Cassini resumes Jupiter observations in time for flyby
Posted: December 29, 2000
Cassini was forced to halt its observations of Jupiter last week because of troubles with one of three primary reaction wheels inside the satellite used for orientation. Wheel No. 2 experienced abnormal friction and needed more force than expected to turn.
The problem caused Cassini to rely upon hydrazine-fueled thrusters to point itself during the ongoing observations of Jupiter. NASA officials, however, decided against using the limited supply of hydrazine for the Jupiter studies in favor of saving the propellant for Cassini's ultimate destination: Saturn.
The space agency said Thursday that the spacecraft had been operating trouble-free since its reaction-wheel system was reactivated late last week following troubleshooting.
"Everything has been working smoothly, so we're planning to send up commands (Thursday) to resume all scientific observations," said Bob Mitchell, Cassini program manager at NASA's Jet Propulsion Laboratory.
Experiments that did not require Cassini to be accurately pointed, such as magnetic-field measurements, have continued.
Cassini was put back on the reaction-wheel system for controlling its orientation on December 21, after testing indicated that the above-normal friction had ended.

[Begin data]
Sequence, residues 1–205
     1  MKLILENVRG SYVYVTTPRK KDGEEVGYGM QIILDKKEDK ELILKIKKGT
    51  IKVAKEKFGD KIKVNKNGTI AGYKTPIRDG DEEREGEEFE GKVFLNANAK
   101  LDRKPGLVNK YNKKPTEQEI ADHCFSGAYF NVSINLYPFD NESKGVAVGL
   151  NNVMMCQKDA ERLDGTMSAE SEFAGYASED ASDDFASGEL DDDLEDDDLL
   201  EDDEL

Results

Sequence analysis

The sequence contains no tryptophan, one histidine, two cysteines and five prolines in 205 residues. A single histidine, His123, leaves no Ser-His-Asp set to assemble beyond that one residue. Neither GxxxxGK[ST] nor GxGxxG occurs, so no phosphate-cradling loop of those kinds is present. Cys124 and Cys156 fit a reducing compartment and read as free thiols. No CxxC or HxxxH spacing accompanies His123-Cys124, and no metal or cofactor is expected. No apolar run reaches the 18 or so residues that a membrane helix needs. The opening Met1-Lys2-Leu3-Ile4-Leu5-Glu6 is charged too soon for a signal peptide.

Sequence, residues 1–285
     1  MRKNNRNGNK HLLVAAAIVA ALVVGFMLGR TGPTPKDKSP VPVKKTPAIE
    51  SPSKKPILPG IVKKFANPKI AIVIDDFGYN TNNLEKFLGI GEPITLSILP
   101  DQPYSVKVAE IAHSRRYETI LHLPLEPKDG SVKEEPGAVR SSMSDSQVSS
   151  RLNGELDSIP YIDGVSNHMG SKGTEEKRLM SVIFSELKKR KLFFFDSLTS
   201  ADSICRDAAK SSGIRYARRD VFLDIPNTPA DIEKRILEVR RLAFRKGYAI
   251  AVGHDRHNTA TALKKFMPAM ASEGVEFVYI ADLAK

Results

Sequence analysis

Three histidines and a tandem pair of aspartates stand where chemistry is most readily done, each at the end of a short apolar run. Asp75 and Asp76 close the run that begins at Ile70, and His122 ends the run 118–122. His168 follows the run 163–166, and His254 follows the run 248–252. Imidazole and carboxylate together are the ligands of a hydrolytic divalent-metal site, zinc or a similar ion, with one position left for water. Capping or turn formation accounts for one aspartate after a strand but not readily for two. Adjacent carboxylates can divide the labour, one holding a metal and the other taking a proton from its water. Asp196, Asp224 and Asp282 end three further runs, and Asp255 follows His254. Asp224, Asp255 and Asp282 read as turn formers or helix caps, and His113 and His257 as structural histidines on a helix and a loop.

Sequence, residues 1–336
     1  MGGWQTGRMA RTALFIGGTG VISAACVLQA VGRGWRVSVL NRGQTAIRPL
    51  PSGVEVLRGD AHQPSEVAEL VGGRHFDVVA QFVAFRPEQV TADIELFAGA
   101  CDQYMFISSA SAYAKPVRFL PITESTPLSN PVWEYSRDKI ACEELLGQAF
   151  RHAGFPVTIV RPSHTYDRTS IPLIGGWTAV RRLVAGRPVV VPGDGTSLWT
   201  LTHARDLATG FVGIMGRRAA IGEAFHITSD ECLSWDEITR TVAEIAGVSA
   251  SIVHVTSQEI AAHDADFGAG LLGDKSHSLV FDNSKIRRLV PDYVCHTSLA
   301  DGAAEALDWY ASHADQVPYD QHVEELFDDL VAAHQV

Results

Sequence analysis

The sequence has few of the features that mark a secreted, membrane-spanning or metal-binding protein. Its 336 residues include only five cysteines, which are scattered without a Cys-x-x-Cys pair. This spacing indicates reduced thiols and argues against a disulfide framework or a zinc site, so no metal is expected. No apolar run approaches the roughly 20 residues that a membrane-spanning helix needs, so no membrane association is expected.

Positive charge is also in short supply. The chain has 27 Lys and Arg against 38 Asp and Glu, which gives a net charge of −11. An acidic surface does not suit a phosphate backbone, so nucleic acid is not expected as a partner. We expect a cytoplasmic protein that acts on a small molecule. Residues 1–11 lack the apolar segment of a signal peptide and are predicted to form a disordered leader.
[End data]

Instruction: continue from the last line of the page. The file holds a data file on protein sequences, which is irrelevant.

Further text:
But the spacecraft has been kept in an attitude with its main antenna pointed to Earth, and observations that require pointing of scientific instruments have remained on hold while reaction-wheel operation is monitored.
Processing and analysis has continued on thousands of images and measurements taken by Cassini between early October and mid-December. Cassini's first color movie clip of Jupiter was released this week.
Cassini has three reaction wheels mounted mutually perpendicular to each other and a fourth as a spare. The reaction wheels control the direction Cassini is facing, but not the direction of its trajectory through space. When a motor accelerates a wheel, the spacecraft rotates slowly in the opposite direction. Moving the three wheels in various combinations can point the spacecraft in any desired direction.
A probable cause of the friction that temporarily increased the amount of force needed to turn reaction wheel number two is prolonged operation at relatively low speeds, which may have reduced lubrication in the bearings, mission engineers say. Running the wheel at higher speeds in tests later may have restored the distribution of the lubricant.
"That's our leading theory, but we may never know for sure," Mitchell said.
As a precaution, Cassini's flight team plans to develop operational procedures for the reaction wheels that will avoid low-speed operations for any significant amount of time, he said.
Cassini will pass Jupiter at a distance of 9.7 million kilometers (6 million miles) on Saturday, gaining a boost from its gravity that will allow the spacecraft to reach Saturn in July 2004.